|2016 IASB JOINT ANNUAL CONFERENCE|
Dorn delivers eye-opening school security keynote
At times sobering, alarming, and hopeful, Michael Dorn, one of the nation’s foremost experts on school safety, presented the keynote address at the third General Session of the 2016 Joint Annual Conference.
Combining personal anecdotes, data, and practical illustrations, Dorn championed an “all hazards” approach to safety in a presentation entitled “Active Shooters, Active Killers, and Terrorism in the School Setting – Accurate, Practical, and Actionable Information.” Dorn discuss his work in training school personnel, and in doing so determining what types of approaches work and what do not.
Dorn is executive director of Save Havens International, a non-profit campus safety organization that offers planning and training for a wide range of school crisis situations.
While stating, “we can still improve,” he shared statistics that showed that schools are safer from most dangers now than they were in the 1970s. Dorn noted that the public perception of school safety is “out of whack” from where we really are. Despite increased risks in some areas, school leaders and law enforcement have made enormous progress in keeping students and staff safe.
“School has to be a harmonious balance between the data that we give you, and the heartfelt passion that you bring to your work,” Dorn said.
“It is extremely important that we focus much broader than catastrophic, frightening, but extraordinarily rare events,” Dorn advised. “Be mindful of events that are more likely to happen on your campus. … If you focus your efforts largely on active shooter … you are more likely to have an active shooter event. And if you have one, your response will probably be worse than if you focus more broadly.”
Dorn illustrated the importance of an all-hazards approach by showing a photograph of children skateboarding on the roof of a school building. “We don’t want to overlook safety measures that would have prevented this because we are only focused on events that are more frightening because of their scale.”
His data also shows that more people are killed in school parking lot accidents than active shooter incidents, and that any safety and security assessment that does not include a traffic assessment was “deep trouble in terms of standard of care.”
Dorn explained that medical emergencies, not criminal or terroristic acts, are responsible for more injuries and deaths on school property. He noted that school districts are making progress in dealing with those emergencies as well.
“The biggest thing to worry about with active shooter, active killer and terrorist events, is not the statistical likelihood that one of your buildings will be hit, but the traumatic impact if a school anywhere is hit. Our emotive reaction to the Sandy Hook incident has done a lot of harm, because we have thrown programs at the situation in desperation. And often these programs are based on false assumptions.”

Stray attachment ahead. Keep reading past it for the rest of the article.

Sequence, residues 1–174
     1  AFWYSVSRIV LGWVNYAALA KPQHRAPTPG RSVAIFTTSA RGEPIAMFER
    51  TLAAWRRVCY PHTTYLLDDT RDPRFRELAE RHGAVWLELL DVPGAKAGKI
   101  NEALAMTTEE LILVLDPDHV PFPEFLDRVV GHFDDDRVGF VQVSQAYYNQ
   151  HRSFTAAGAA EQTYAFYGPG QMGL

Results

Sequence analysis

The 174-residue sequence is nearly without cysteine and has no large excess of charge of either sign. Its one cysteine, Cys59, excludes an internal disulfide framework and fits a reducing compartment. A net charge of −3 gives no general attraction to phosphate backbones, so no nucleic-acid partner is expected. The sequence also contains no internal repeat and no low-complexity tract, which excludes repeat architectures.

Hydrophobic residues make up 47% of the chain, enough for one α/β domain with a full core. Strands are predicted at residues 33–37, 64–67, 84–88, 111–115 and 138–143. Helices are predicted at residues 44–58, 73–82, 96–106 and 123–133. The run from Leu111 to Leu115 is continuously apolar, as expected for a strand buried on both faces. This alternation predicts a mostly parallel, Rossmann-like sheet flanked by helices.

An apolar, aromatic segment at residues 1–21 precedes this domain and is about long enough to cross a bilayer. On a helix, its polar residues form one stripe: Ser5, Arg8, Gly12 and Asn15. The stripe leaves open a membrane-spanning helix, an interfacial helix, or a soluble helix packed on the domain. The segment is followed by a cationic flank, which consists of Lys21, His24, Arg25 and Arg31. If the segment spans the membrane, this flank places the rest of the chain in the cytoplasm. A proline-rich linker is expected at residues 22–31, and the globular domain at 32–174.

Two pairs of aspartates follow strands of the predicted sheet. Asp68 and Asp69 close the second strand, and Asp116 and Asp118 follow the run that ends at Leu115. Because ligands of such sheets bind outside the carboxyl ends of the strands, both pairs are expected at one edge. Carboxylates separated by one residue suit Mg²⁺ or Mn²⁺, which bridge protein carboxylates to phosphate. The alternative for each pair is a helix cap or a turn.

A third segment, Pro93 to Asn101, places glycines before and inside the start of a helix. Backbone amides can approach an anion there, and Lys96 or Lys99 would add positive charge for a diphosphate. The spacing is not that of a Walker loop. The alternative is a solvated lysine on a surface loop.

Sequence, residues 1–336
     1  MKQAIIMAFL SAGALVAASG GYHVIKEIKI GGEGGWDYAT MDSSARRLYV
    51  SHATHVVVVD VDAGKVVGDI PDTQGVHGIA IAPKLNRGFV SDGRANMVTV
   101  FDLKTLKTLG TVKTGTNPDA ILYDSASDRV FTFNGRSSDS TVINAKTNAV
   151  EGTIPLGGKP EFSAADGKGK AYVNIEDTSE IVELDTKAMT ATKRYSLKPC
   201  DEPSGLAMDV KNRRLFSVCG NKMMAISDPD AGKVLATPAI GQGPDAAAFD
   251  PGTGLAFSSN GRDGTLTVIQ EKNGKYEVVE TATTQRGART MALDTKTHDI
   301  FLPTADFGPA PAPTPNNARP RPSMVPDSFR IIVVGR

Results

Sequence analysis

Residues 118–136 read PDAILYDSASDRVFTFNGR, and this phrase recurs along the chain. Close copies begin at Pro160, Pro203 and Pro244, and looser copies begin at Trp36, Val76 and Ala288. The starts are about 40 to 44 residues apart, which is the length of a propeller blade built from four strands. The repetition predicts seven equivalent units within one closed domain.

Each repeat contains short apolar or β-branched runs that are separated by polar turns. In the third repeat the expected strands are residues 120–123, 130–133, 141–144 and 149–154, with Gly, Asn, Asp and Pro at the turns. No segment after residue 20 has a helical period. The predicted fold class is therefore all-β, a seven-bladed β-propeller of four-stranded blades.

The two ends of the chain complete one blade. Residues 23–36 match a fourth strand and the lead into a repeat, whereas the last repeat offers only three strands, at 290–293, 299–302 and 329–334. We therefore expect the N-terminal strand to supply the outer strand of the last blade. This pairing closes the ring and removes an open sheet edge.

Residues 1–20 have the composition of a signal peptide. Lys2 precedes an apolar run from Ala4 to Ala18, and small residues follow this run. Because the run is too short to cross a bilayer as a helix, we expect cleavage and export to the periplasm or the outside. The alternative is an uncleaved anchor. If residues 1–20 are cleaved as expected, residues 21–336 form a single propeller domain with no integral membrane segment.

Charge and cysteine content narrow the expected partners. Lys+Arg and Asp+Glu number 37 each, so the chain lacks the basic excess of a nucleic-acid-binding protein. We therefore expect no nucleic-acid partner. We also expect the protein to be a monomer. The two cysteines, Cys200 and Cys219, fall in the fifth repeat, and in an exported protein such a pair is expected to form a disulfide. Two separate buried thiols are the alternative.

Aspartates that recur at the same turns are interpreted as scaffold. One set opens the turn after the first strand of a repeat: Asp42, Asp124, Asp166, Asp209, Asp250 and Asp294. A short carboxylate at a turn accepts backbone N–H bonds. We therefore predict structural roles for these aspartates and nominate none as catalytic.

“We’ve got to get very thoughtful. We’ve got not get focused on any one type of attack or weapons methodology,” Dorn said, as he showed a graphic video that illustrated how weapons can be hidden under a person’s clothing.
Dorn recommends training that includes behavioral approaches, such as suicide assessment and prevention, student threat evaluation, and pattern matching and recognition and pre-attack indicators.
He also related that many recent approaches to securing schools from the more dangerous events are not working, and offered research-based solutions for successful preparation and spoke of the dangers of fear-based programs. He reviewed common gaps in planning and strategies, and how to overcome them.
“What’s surprising to us is in the field of school safety we are seeing a degradation in the ability of school staff to make life-or-death decisions, since the Sandy Hook shooting,” Dorn said. “This is after we’ve spent billions of dollars trying to make schools safer.
“We’ll tell you what to do about these events, but we also give you context for them, so we can help you deal with the more logically and less emotively. These are frightening events. These are terrifying events. These are very real events, but they don’t represent the bulk of the danger in American schools.”
The Third General Session was opened by Derek Hutchins, president of the Illinois Association of School Administrators and superintendent of Crab Orchard CUSD 3 in Marion. Hutchins presented the Superintendent of the Year award to Jason Henry of Sesser-Valier CUSD 196. Doug Floski, of Byron CUSD 226, received the Thomas Lay Burroughs Award as the state’s outstanding school board president from Lula Ford of the Illinois State Board of Education. Additionally, IASB president Phil Pritzker presented the Holly Jack Outstanding Service Award for school secretaries to Karen Vota of Coal City CUSD 1.
The Third General Session concluded the 84th Joint Annual Conference of the Illinois Association of School Boards, Illinois Association of School Administrators, and Illinois Association of School Business Officials. This year’s Conference drew more than 9,600 registrants and featured panel sessions, pre-conference workshops, general sessions, exhibits, and other leadership development opportunities for public school leaders in Illinois.
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